Academic journal article Journal of Leadership & Organizational Studies

Appalachian Women Leaders: Products of Culture and Life Events

Academic journal article Journal of Leadership & Organizational Studies

Appalachian Women Leaders: Products of Culture and Life Events

Article excerpt


This study explores the effects of cultural expectations and critical life events on women's leadership influence in Appalachia, a unique subculture of the United States. Using a sample of 347 female MBA students, the researchers examined the impact of education, gender bias, family/work issues, and family violence on leadership influence. Not only did results demonstrate significant relationships between education and gender bias with leadership influence, but also these relationships were moderated by culture-leadership style fit. In both researching and developing leaders, special attention needs to be paid to the culturally specific ideologies, events, and other idiosyncrasies within national subcultures.


leadership influence; women leaders; culture


It has been said, "All men are created equal." When in reality, all men are not viewed as equal, and neither are all women. These differences enrich the diversity of products, services, and markets, but they complicate the study of leadership. Leadership research has typically focused on bipolar categories of gender, with a concentration on White, heterosexual, healthy, and middle-class males and females (Bell, Denton, & Nkomo, 1993). Handy, Kassam, and Ranade (2002) propose in-depth exploration of specific demographic groups within specific cultures to further understand cultural influences on leadership. With growing workforce diversity, rather than keeping gender-based leadership research dichotomized and comparative, this research targets the diversity of women leaders of specific cultures.

In 2002, women made up 46.5% of the U.S. labor force and 50.5% of management and professional specialty positions (U. S. Department of Labor, Bureau of Labor Statistics, 2005). Researchers expect these numbers to increase (Fullerton & Toosi, 2001). In 2004, women owned an estimated 47.7% (10.6 million) of all privately held businesses in the United States (Center for Women's Business Research, 2004). Despite the incidental evidence of women leadership growth, biases toward women in leadership roles persist (Lopez-Zafra, Garcia-Retamero, & Eagly, 2009). Historically, critical life events have adversely affected the ability of women to attain leadership roles (Bell, 1990; Tharenou, 2001). This has largely been perpetuated by culturally based gender stereotypes, such as preference for homophily with regard to promotions, informal networks, and work-home roles.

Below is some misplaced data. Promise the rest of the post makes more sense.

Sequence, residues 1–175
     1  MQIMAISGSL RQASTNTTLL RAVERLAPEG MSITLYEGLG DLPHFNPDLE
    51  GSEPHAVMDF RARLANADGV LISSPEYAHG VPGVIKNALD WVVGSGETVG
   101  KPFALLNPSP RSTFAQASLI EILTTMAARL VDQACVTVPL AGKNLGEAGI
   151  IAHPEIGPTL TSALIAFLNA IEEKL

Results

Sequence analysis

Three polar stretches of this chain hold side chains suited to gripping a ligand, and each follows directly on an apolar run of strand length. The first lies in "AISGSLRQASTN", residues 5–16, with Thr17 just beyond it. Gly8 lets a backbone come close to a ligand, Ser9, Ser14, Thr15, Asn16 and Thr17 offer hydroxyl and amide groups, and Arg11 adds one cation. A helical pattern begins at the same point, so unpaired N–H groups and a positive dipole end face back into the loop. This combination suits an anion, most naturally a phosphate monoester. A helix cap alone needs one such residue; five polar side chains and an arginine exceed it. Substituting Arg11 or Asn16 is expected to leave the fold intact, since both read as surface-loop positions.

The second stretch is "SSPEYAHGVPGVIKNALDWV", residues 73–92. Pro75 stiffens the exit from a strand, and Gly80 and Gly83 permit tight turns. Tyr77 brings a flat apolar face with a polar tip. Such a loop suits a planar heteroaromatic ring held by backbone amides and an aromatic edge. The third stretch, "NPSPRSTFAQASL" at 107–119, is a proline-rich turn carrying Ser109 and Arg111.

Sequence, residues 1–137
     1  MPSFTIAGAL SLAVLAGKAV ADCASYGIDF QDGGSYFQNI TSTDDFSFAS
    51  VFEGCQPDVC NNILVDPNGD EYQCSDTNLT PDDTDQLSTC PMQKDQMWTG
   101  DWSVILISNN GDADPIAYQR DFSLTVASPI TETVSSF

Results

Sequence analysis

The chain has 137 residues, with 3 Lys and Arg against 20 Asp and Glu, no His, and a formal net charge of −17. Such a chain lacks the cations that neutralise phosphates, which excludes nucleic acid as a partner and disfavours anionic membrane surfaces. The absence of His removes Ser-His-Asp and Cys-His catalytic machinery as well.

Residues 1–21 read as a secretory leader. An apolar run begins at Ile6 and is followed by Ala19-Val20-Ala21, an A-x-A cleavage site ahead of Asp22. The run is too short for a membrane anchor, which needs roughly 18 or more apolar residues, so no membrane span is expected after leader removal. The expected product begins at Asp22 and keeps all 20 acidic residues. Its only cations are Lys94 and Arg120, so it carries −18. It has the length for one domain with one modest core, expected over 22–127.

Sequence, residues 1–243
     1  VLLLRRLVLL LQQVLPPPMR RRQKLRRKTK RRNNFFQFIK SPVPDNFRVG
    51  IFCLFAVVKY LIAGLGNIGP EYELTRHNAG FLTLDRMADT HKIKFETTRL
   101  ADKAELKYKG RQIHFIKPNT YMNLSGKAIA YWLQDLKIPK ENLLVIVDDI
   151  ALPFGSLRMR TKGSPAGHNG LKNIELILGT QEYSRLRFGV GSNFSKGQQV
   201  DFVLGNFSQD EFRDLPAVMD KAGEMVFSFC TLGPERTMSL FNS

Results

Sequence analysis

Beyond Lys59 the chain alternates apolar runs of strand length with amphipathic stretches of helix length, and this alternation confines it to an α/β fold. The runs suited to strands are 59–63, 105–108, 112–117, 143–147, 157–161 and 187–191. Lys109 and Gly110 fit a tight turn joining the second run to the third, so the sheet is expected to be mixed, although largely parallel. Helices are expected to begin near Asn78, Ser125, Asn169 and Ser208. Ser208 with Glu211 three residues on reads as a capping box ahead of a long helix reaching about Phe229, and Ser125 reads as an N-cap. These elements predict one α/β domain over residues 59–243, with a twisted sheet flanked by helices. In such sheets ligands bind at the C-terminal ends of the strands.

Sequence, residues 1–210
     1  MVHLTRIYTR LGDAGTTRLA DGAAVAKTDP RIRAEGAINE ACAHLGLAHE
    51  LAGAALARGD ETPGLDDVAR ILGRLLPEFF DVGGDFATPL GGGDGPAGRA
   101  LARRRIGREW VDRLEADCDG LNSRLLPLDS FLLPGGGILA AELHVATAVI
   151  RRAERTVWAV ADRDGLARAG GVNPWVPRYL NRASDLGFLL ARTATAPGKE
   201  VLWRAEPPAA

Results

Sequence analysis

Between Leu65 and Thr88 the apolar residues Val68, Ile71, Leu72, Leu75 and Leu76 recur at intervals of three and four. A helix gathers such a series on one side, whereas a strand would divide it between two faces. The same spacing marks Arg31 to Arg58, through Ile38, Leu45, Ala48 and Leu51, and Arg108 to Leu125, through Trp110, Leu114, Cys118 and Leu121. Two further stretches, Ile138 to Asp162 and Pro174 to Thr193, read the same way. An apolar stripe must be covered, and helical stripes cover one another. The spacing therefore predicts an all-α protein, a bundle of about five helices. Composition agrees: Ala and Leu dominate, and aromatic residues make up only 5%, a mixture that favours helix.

Adamopoulous and Lonner's (2001) situational model of cultural research assumes that people in various cultures have experienced different influences and life experiences that affect life decisions including leadership behaviors. Although leadership can be found in all cultures, research demonstrates that cultural differences exist in the way leadership and organizational justice are manifested, not only across cultures but also within cultures (Pillai, Scandura, & Williams, 1999). In cultures of England (Coleman, 2003), South Africa (Mabokela & Mawila, 2004), Republic of China (Korabik, 1995), and Latin America (Twombly, 1998), research shows the impact that society and critical life events play on the leadership roles of women. Handy et al. (2002) examined women entrepreneurial leaders in India's nonprofit sector (nongovernmental organizations [NGOs]). They proposed that critical life events, culture, personal characteristics, and socioeconomic variables share an interactive relationship vital to furthering understanding of leadership influence of women. Their results suggested that self-selection was directly influenced by the caste system prevalent in India. Eighty percent of respondents were of the higher caste system, Brahmins. Handy et al. (2002) recommended that further studies be conducted of developed and less developed cultures and subcultures to further much-needed knowledge of how culture and life experiences influence women in leadership roles. …

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